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Plant - fall
Pioneer Parkway
Sue Smith
Yavapai County Native & Naturalized Plants

Leptochloa dubia - green sprangletop

Synonyms: Chloris dubia, Diplachne dubia., Diplachne dubia var. pringleana, Disakisperma dubium

Plant Form:Grass

Family: Poaceae

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Plant - fall

Pioneer Parkway John Kava
Plant image

Pioneer Parkway John Kava
Plant image

Pioneer Parkway Sue Smith
Plant image

Pioneer Parkway Sue Smith
Plant image

Pioneer Parkway John Kava
Plant image

Pioneer Parkway Sue Smith
  Grass Description -   Glossary of Grass Terminology

Origin: Native    Season: Warm
Habitat Description: Dry open plateaus and rocky slopes.
Plant Communities: Interior Chaparral, Semidesert Grasslands, Pinyon Juniper Woodland
Elevation: 2500 - 6000 feet

General Description

Desc: Coarse erect, few-stemmed bunchgrass. Seedheads of 2 to 15 slender and flexible drooping branches that bear spikelets of 4 to 7 florets.
Identification notes: Large perennial, wiry stems. Sheaths strongly keeled, purplish. Blades flat, folded or loosely revolute. Seedheads flexible, drooping, 2 to 15 branches at 90-degree angles, paired or digitately arrianged branches. Spikelets of 4 to 7 awnless florets.
Grass Type: Perennial bunchgrass  Rhizomes: N  Stolons: N
Large Dense Clump (> 2 feet): N  Bushy (highly branched): N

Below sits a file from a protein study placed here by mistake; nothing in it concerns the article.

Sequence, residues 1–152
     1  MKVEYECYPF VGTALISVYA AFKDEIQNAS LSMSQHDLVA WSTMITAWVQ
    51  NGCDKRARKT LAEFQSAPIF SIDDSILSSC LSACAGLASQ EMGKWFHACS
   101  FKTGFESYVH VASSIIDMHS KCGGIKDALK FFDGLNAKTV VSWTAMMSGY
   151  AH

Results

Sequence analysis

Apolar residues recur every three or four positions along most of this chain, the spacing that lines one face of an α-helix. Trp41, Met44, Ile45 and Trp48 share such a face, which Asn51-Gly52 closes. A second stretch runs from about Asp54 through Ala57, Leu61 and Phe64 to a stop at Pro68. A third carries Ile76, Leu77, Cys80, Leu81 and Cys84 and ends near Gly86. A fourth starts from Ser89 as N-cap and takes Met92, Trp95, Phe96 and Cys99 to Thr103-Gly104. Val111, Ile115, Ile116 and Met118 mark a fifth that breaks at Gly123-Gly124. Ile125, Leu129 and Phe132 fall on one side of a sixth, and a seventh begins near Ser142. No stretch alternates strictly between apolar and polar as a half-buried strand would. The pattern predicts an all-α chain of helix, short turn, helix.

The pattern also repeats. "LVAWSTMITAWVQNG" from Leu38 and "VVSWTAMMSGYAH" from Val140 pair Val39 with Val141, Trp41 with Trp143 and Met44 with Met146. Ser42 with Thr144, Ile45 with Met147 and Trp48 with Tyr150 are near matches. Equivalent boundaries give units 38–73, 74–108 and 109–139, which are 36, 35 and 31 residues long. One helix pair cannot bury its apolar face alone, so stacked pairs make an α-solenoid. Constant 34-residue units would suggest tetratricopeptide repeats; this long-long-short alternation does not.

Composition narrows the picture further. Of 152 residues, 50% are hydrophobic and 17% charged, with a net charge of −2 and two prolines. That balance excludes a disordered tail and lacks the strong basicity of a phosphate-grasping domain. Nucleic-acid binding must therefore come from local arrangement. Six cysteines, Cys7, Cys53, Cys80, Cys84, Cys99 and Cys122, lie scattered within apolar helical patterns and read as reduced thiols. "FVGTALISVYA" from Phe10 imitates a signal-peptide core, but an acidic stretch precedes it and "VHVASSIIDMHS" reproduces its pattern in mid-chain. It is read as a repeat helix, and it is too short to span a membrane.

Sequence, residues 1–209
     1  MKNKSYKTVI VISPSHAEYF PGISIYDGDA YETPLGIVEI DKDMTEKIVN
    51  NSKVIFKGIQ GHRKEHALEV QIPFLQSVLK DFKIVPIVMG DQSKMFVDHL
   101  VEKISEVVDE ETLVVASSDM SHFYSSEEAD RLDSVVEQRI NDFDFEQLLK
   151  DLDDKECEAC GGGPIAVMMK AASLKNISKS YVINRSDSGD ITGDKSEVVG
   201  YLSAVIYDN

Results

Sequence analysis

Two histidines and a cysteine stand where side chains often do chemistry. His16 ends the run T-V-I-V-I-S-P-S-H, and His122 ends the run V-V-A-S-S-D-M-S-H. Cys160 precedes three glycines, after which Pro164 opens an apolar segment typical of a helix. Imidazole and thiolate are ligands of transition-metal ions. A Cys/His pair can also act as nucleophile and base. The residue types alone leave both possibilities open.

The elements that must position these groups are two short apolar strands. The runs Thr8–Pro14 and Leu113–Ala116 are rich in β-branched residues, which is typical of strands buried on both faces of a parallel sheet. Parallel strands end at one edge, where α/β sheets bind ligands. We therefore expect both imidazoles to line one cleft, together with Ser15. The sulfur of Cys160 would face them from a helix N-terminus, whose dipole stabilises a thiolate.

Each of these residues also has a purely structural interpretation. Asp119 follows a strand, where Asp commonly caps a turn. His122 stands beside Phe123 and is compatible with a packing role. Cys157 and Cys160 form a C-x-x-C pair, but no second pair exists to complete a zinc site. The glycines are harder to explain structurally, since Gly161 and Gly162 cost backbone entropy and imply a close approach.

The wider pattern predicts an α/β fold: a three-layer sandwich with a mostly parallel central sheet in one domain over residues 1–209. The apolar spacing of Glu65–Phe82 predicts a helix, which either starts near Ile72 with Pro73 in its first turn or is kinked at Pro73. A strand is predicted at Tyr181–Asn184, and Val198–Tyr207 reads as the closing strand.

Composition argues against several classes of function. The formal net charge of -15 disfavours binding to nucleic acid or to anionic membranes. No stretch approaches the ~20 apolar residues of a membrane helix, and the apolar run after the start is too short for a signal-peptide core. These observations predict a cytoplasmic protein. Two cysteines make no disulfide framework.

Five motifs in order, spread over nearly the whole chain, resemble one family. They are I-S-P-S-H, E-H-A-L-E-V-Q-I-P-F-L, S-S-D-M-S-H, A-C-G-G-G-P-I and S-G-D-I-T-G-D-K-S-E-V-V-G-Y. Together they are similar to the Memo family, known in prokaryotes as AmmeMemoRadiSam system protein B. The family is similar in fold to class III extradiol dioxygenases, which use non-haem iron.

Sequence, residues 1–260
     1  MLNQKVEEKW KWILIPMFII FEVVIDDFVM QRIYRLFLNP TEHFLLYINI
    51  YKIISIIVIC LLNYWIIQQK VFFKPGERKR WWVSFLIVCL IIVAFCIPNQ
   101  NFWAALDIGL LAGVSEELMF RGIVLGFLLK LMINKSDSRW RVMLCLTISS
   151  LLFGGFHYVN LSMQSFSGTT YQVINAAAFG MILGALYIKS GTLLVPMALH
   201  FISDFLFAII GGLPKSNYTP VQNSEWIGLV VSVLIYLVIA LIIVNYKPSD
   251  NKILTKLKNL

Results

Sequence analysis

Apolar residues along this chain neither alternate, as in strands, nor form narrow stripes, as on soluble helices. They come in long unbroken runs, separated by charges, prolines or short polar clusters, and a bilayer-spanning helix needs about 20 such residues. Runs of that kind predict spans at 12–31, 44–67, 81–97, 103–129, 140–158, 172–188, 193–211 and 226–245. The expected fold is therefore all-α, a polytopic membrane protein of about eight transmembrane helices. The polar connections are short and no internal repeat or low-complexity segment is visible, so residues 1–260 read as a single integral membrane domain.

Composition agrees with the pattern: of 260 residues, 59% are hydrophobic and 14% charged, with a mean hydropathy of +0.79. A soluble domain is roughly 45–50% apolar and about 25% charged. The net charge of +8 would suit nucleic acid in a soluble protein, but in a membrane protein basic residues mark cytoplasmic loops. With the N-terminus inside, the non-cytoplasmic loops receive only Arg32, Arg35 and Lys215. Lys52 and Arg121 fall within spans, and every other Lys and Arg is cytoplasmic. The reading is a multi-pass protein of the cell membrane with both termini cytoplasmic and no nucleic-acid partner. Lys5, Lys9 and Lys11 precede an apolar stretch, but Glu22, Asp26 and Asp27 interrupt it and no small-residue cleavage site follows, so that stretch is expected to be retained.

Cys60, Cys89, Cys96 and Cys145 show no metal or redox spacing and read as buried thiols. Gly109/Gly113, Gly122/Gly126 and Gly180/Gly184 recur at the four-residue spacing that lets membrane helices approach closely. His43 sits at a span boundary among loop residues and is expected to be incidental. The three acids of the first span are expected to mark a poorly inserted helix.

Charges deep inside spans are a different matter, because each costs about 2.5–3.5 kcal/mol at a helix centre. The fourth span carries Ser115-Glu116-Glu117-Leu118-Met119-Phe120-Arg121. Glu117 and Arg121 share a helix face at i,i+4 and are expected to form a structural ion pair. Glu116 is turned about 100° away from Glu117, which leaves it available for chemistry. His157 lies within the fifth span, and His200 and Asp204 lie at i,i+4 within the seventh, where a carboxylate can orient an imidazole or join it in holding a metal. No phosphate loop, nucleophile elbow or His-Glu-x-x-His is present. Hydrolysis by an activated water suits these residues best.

Height with Seedheads: 24 to 36 inches
Seedhead Structure: Branched - open and spreading  Seedhead Droops: Y
Flowering Period: Jul - Oct

Flower Characteristics

Number of Flowers per Spikelet: Multi-flowered  Spikelets One-sided: N
Awns: Absent   Three Awns: N  Awns Bent: N

Flower and Seedhead Notes: Seedheads 4 to 8 inches, few to many spreading, ascending or drooping branches 1 to 5 inches long. Branches are triangular in cross-section. Spikelets 4 to 7 florets. Secondary seedheads are often hidden in the lowest leaf sheaths.

Vegetative Characteristics

Blade Hairy: Y  Blade with White Margin: N  Blade Cross Section: Flat or folded  
Blade Notes: Blades dull bluish-green, flat or folded, 3 to 14 inches long and about 1/2 inch wide. Blades may be smooth, downy, or covered with stiffly appressed hairs.
Sheath Hairy: Y  Tuft of Hairs Top of Sheath or Collar: Y  Ligules: Membranous and hairy
Auricles (Ear-like lobes at base of blades): N
Vegetative Notes: Purplish sheaths are strongly keeled or flattened, sometimes with a softly hairy collar. Ligules membranous and hairy, about 1/16 inch long with tattered edges.

Forage Value: Good for livestock, fair for wildlife when green.

  Arizona Cooperative Extension
Yavapai County
840 Rodeo Dr #C
Prescott, AZ 86305
(928) 445-6590
Version 8.0  
Last Updated: Nov 21, 2021
Content Questions/Comments: Email Mary Barnes  
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